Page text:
My wife and daughter returned from octogenarian Earl’s funeral with lots of stories:
How he kept a diary every day. Recorded everything. Added his own comments on life for himself: the awards earned by his grandchildren, of their friends. The odd collectables of life.
The time he sought to time entering the garage in his Honda Civic when the wooden doors were blowing in the wind. Three attempts it took, with the doors bumping on the car. No worries. He just backed up and tried again. And the bumps? “That’s what bumper bars are for.”
How he and Shirl rode a tandem bike to church when they first moved to Gymea Bay.
How he and his mates went weekly to garage sales and constructed elaborate gifts out of other people’s throw-aways.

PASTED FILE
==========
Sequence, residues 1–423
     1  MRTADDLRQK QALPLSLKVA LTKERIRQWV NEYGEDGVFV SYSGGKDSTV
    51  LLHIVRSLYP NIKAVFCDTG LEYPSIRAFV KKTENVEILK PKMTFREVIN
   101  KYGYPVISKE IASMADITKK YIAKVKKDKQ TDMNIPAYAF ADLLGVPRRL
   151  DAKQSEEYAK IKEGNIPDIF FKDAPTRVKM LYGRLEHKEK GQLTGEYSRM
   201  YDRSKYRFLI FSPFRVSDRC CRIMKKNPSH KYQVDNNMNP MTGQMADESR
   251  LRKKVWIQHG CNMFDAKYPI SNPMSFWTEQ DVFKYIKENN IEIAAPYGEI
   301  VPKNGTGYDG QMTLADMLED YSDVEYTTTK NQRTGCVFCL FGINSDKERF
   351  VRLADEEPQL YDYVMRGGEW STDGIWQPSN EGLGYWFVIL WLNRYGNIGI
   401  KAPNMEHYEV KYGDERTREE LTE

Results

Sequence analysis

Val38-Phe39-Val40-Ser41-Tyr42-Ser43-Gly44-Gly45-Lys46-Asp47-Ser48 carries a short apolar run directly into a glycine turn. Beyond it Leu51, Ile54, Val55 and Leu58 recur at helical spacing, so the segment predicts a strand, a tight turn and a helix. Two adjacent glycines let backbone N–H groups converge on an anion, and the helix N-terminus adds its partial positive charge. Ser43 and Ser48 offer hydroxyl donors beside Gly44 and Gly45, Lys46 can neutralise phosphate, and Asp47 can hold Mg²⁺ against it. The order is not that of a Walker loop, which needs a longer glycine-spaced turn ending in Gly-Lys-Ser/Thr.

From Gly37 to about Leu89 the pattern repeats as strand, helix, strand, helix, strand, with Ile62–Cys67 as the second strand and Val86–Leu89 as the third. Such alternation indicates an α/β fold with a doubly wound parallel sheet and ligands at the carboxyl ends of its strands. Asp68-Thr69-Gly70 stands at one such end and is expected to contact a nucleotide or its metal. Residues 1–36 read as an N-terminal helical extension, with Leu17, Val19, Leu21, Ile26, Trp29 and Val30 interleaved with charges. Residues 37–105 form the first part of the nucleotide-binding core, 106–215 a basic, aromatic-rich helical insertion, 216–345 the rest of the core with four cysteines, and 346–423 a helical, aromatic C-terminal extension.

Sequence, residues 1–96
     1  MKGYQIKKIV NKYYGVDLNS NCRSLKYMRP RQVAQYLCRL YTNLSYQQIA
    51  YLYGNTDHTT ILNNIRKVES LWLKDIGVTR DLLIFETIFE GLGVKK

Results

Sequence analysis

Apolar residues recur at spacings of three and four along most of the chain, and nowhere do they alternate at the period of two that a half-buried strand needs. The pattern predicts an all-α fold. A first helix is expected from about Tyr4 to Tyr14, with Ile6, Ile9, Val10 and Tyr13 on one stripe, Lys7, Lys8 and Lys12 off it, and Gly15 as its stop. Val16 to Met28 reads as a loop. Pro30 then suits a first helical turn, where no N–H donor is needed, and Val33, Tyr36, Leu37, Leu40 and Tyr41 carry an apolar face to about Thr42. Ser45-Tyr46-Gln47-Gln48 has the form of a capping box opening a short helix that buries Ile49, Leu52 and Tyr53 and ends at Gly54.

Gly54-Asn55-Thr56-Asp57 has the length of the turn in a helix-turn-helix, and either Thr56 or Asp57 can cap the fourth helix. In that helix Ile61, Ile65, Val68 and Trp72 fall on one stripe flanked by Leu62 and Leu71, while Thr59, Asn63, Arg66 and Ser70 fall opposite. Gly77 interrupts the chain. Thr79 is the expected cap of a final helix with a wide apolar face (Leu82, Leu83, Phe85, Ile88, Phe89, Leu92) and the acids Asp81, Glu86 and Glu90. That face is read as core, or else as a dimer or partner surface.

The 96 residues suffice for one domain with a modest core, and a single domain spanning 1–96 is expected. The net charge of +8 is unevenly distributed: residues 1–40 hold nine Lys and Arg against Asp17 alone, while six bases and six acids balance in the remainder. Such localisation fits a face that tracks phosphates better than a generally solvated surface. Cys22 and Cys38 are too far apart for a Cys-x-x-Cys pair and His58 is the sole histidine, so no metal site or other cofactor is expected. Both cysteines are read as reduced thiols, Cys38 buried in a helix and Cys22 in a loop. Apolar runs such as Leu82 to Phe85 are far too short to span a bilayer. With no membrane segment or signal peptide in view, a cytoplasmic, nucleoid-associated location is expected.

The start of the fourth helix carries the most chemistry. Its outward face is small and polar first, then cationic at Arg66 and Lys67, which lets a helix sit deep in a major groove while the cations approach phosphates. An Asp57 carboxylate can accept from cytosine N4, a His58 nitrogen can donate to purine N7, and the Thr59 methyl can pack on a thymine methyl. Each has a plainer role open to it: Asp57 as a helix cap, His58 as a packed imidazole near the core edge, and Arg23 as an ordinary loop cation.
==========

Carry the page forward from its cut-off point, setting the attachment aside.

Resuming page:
The fact that every day he and his sons placed their tooth brushes in the number one slot in the tooth brush rack, returning the tooth brushes of Earl to the lesser slot – yet no one ever said anything about it. Not once. Not ever.
The fact that each evening Earl set out his breakfast for the next day, including placing sultanas in a glass of water to ‘plump them up’. When his family played a practical joke on him by putting absolutely everything in the cupboards on the benches, he put everything back but said nothing. This mutual silence was a mark of great respect and quiet joy.
And the night that his musical family completed an accomplished performance only for tone deaf Earl to come out at the end, aping seriousness, by himself, and nod a bow. How everyone laughed.
‘Glory be to God for dappled things”.
All of this laughter, all of this joy, was at a funeral of a man whose humour was understated and familial. The happy self-forgetfulness of a man who loved.